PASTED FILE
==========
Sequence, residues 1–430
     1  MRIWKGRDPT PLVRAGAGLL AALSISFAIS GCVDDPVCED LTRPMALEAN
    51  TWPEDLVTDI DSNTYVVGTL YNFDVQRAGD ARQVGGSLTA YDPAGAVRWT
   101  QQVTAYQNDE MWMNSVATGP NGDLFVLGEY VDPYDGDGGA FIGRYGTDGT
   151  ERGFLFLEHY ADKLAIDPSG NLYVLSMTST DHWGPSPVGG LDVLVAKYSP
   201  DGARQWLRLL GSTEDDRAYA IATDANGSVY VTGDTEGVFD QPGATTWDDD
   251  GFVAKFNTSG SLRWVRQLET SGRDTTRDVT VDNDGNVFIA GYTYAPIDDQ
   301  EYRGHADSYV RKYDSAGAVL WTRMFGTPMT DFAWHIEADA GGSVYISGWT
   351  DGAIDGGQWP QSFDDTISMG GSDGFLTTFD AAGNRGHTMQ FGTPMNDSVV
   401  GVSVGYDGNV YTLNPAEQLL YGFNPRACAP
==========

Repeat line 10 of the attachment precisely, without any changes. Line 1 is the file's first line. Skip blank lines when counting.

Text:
   401  GVSVGYDGNV YTLNPAEQLL YGFNPRACAP